stories showcasing the power of female friendship



Body Timeline

By Katie Rank


He comes up to her at the bar It’s you I’ve been waiting for your pearls

and tight curls and muted beiges my mother barely speaks. English, she

puts a raisin in the loaf just to trick me I order a tonic with gin we laugh

so the story goes I put you in your car I’m going to marry you I say you

laugh we laugh. When. Then, you leave college and have a child at 20 and

beiges turn to embarrassed reds my mother only speaks to you. Polish, you

smile and nod because this is what you do oh you sweet woman you come

with me to the shoe store downtown and we buy the hideous clogs that

you will keep in the closet untouched. Cream tonic beige white cream tonic.

At the boat dock the time runs out the table is ready you cover yourself with

red wine your cream trousers blood dipped. It’s you I’ve been waiting for.



You’ll need more rice than that, the old woman scoffed.

—Anita Johnston

I track my gas at 25 dollars a visit, playing

stop the pump at a perfect 5x5, something I can

measure, petrol in clumps of fours, twos, months


since I’ve felt your expansion, licking sticky rice

from the pots in the kitchen till we swear off sushi

only to go back to it on our next night off. Tough


kisses under Maine moon, I forget what this kind

of love feels like, licking each other’s fingers of

our own permanence, each month a countdown


to this summer. This sweaty July. Running from

the barn, forgetting that you are allergic to horses

that tomorrow we begin the months again, passing


time with sandwich bread and baking over cups of

lukewarm water. On the carpet, giant fan hums until

evening falls and we drive off, our secret of fullness



I wanted to kiss you so I got in the car and kissed you.

For cold intemperament make a salve of pounded

celery and apply to breasts. Your narrow jaw bone.

Skeleton arms. Still toned, even after halftime

death. I have a boyfriend now, you say. You say my

name too—Cancer may appear after a warm natured

swelling. I want you because you’re 40 but could easily

pass for 20. That look you get when you walk across

the room and your little body moves fast and your feet

pound into the floor. I wake up to realize our love?

Sleep, bodies, car. I smell your perfume. Three years

ago you lost your hair and now it’s beautiful brown

tumbleweed. You are preventable, but seldom curable.



A Bean Tale

By Judith Ward

My mother wasn’t a liar,

nor was she spiteful or a trickster

(that I know of)

So there may have been some truth

in what she said about the beans.


A city dweller with no beans of my own,

(nor garden to grow them,)

I was dependent, then, at thirty or so

on a mother who lived amid

rural abundance, ankle-deep in soil


She always sent me the first picking

boxed, wrapped in brown paper,

the youngest pods slender, tender,

without hint of inner seed.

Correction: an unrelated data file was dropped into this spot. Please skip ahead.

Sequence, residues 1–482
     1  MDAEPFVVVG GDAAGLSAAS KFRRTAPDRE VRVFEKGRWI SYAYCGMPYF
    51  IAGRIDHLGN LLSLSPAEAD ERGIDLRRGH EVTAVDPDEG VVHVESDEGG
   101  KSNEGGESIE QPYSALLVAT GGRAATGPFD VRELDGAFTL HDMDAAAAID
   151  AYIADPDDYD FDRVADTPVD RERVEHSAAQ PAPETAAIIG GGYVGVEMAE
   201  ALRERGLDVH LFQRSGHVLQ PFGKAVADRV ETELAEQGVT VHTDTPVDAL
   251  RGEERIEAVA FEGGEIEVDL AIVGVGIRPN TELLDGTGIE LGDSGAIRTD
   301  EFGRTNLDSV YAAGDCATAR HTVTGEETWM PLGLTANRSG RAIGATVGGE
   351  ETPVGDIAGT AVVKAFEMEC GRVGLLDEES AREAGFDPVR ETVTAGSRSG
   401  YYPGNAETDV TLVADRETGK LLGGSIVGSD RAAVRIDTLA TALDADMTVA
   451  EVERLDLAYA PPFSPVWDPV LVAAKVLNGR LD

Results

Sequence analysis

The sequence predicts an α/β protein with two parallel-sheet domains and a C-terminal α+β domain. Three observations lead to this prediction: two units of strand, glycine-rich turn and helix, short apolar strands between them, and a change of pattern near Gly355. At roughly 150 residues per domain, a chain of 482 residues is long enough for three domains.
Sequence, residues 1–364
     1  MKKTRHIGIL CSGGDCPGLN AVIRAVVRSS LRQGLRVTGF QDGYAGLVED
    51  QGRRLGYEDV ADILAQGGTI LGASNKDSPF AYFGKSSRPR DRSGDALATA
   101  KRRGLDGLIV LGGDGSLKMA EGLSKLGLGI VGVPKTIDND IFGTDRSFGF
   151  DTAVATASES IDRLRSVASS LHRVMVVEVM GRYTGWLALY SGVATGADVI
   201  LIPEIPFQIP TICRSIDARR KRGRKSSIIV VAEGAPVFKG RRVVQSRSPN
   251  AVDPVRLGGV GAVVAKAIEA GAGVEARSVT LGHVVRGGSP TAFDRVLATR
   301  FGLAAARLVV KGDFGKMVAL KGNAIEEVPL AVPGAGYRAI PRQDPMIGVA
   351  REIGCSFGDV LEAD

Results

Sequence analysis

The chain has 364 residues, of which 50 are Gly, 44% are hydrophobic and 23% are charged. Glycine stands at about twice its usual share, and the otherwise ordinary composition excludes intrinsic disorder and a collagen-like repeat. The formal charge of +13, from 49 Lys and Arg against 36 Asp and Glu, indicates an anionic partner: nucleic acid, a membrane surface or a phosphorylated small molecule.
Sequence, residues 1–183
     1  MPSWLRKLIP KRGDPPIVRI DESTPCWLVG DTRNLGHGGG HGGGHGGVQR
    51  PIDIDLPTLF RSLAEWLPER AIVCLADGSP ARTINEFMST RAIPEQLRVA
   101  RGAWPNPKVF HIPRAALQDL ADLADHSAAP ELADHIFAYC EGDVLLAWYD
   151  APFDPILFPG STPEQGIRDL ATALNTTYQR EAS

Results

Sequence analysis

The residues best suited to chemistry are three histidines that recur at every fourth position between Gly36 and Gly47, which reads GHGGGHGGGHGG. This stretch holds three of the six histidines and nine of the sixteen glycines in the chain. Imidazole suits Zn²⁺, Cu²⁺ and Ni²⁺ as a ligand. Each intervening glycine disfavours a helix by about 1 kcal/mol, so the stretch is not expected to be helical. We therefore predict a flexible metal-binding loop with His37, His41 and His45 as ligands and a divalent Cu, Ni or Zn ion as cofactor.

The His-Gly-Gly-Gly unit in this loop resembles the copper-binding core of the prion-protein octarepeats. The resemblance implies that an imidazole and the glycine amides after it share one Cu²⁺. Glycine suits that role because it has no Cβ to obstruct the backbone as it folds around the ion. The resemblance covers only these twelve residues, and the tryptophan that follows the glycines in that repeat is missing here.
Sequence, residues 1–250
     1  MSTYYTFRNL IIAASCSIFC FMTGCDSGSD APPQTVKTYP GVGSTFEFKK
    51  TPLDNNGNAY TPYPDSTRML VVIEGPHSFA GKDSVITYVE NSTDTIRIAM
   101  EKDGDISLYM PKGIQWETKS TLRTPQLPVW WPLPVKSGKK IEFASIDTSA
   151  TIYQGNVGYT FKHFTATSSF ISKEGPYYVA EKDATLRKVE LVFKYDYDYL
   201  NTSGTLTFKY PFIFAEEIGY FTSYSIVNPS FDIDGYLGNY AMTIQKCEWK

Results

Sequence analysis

Package from postman on early July morning:

within lay beans, aged and tough,

seeds inside big as marbles.

“How could you,” I whined long-distance.


She said nothing at first...

but silence not being her style; it didn’t last.

In astonishment, amusement, disbelief,

she gave the only answer available:

“They must have grown old in the mail,”

said she.



In Dupont


That kick is out of this world señorita. Foot pressed to glass elegance becomes you. I wanna jive with you dance with you. Hear truth mix with lies down as you cop a feel up my thighs at the speakeasy. Ride you hear cool jams by you. Just the right mix of sexy and trainwreck are your wine stained teeth.

That push takes me away from you. Shouts of no from you mingle in the smoke-filled air. I wanna climb with you, up ivory towers with you, hit the pavement in torn up burnt up bags of shit. I’m far away from you. Lost affection from you. Crisscrossed wires pulled plug from sex.

And in Spanish:

En Dupont

Esa patada está fuera de este mundo señorita. Pie presionado contra vidrio tú eres elegancia. Querio mover contigo baliar contigo. Oír la verdad mezclar con mentiras mientras me tocas mi pierna en el bar. Querio recorrerte. Oír tu musica brillante. Tu eres la combinación perfecta de sensual y un desastre total con tus dientes manchados de vino.

Ese empujón me lleva lejos de ti. Tus gritadas mezclan con el humo de cigarrillos. Quiero escalar contigo, subir la torre de marfil contigo, golpea el pavimento en desgarrado quemado bolsas de mierda. Estoy lejos de ti. Perdí tu afecto. Hilos entrecruzados sacaban el enchufe del sexo.



New Hips

By Phoebe DeVincenzi

Mom said she liked to call having sex

“making love”

I hushed her and refused to talk anatomy

puzzled over whispers on the floor

Rocky Horror—our Bible and nightlight

back when sleepovers didn’t make me

hunger for sleep


back when young girls turned nocturnal

and piled on top of one another

to test the weight of other bodies

the architecture of limbs

and dared kisses to watch

the strange

smacking of lips


your mother’s lingerie didn’t fit well

but we wore it anyway

and paraded our bellies to the night